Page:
The Hug That Changed a Rabbi

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From Washington Avenue

My life was to change more than I realized on the night of my wedding. The prevalent custom was that the groom delivered a learned Talmudic discourse either before or after the signing of the ketubah. Generally, the groom would be interrupted by the spirited singing of his friends. Even if the groom wished to continue, his entourage did not allow him to. However, the Rav (Rabbi Joseph B. Soloveitchik) held that such deportment reflected a disrespectful attitude towards rabbinic scholarship. When he was present, no one would interrupt the groom. After the ketubah was executed, I spoke for twenty-two minutes on the topic of the ineligibility of gamblers to be witnesses or judges (Sanhedrin 3:3). (I imagine I was apprehensive that marriage too was a gamble.) This was a topic we had studied with the Rav in his classes on the tractate of Sanhedrin. When I completed my discourse, the Rav warmly embraced me in the presence of all those assembled at the “groom’s table.”

While I did not note the importance of this moment at the time, the Rav’s embrace was gradually to change my life’s goals and aspirations. During the week of sheva berakhot following the wedding, I received a note that Mr. Norman B. Abrams wished to see me. I entered the office of the Yeshiva’s administrator wondering what his summons was about. Mr. Abrams rose from his chair and put his arms around me. He declared:

Arnold, I have never seen Rabbi Soloveitchik so emotional with a student. He embraced you with such warmth when you finished your learned words of Torah. I told Dr. Belkin about it. We agreed that when there will be the next opening for a rosh yeshiva, you will be appointed to the Yeshiva’s faculty.

I made a mental note of the conversation and left his office with a smile on my face. It was not only the week of celebration after the wedding, but I also received this wonderful compliment. In 1961 when I attained my rabbinical ordination, there were no new appointments to the faculty. I entered the Lower Merion rabbinate. In addition to my duties as a rabbi and Hebrew school and adult education teacher, I insisted on giving a weekly Talmud lecture. I followed the Rav’s dictum: “Teach what you do not know. Thereby you will also master new material.” I chose the Talmudic tractate of Moed Katan for my lectures. This is a portion of the Talmud that was not part of the Yeshiva’s curriculum. I attracted many of the congregation’s most learned members to these classes. Some were ordained rabbis and all were accomplished scholars in their chosen fields of endeavor. Many of these students were part of the greater Yeshiva University network. Evidently word of these lectures on Moed Katan reached the ears of the Yeshiva’s administration. While caught up in the midst of all my difficulties at the synagogue, on Thursday morning, April 5, 1962, there was a knock at our door. It was a telegram from Mr. Abrams. It requested that I be at the Yeshiva the next Monday morning at 10 a.m. Abrams had arranged a meeting for me with the president of Yeshiva University.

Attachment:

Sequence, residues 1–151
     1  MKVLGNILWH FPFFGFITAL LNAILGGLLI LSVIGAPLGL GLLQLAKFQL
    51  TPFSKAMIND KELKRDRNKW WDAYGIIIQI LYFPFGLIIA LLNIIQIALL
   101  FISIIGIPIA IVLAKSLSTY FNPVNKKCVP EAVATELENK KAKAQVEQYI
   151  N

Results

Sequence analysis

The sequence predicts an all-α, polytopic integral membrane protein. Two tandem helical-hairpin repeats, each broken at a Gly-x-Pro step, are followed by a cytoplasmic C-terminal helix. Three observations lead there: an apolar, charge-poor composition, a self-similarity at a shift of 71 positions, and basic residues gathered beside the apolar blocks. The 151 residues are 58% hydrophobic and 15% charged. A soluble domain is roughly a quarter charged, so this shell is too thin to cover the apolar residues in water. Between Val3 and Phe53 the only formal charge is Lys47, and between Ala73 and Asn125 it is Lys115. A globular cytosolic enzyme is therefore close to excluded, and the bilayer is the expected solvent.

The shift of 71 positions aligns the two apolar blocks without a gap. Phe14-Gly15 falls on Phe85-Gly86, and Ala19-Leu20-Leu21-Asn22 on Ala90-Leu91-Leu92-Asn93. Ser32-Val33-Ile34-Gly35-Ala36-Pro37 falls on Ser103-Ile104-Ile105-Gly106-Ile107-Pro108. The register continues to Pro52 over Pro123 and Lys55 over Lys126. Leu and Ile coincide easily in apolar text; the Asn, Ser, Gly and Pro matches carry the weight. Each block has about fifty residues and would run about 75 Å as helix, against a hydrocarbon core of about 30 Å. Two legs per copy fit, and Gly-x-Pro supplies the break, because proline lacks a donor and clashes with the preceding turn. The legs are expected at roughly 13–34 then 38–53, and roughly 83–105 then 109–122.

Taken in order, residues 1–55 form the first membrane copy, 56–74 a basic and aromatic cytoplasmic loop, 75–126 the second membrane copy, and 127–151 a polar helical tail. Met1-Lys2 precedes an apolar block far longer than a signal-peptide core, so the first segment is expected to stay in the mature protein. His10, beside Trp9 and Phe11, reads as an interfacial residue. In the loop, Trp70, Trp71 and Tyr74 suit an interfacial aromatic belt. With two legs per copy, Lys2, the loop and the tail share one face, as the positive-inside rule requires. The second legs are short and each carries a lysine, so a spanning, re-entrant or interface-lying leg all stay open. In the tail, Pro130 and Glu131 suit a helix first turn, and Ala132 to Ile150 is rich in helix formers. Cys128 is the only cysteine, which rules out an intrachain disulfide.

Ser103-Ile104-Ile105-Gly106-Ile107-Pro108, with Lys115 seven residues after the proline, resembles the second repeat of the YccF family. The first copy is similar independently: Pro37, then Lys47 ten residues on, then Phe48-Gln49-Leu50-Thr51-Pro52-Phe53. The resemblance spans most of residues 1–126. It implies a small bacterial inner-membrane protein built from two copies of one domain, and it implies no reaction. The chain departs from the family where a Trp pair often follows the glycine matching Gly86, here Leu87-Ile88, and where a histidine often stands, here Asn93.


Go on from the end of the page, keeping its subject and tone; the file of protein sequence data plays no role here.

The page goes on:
That Monday, April 9, I took the train from Philadelphia to Manhattan. The subway brought me uptown to the Yeshiva, and I immediately entered Mr. Abram’s office. After greeting me, he quickly escorted me down the hall to Rabbi Belkin’s office. There were no words wasted. The president immediately broke out a bottle of schnapps and we drank to life. Over the le-hayyim, Dr. Belkin informed me that I was officially being appointed to the Yeshiva faculty for the term beginning in September 1962. Then he added a postscript. It was a concept that I would hear with a slight variation almost a decade later. Dr. Belkin declared: “Even though you will be a rosh yeshiva, I want you to continue in the rabbinate. I can shake any apartment building in Washington Heights and I will procure a rosh yeshiva. However, rabbis who are capable of serving as spiritual leaders in congregations are much harder to come by. I know you had difficulty in your first position. Nevertheless, you must make another attempt. I will instruct the Community Service Division to place you in a synagogue which will be within commuting distance of the Yeshiva.”

Thus I became the rabbi of a fledgling Orthodox synagogue in the suburban Essex County area. More important, I now joined the faculty of the Rabbi Isaac Elchanan Theological Seminary. At that time the Yeshiva was still one unit, beginning with the Talmudical Academy High School and continuing through the postgraduate semikhah division. An inexperienced rebbe began with the first high school class and gradually worked his way up to more advanced teaching. In my years with the Yeshiva in Washington Heights this soon was not to be the reality. The campus was expanded and the student body consequently increased. Gradually the three levels of the Yeshiva separated. The Talmudical Academy High School, Yeshiva College, and the postgraduate studies became separate and distinct units of the greater Yeshiva picture. Nonetheless, I was now a faculty member of the Rabbi Isaac Elchanan Theological Seminary.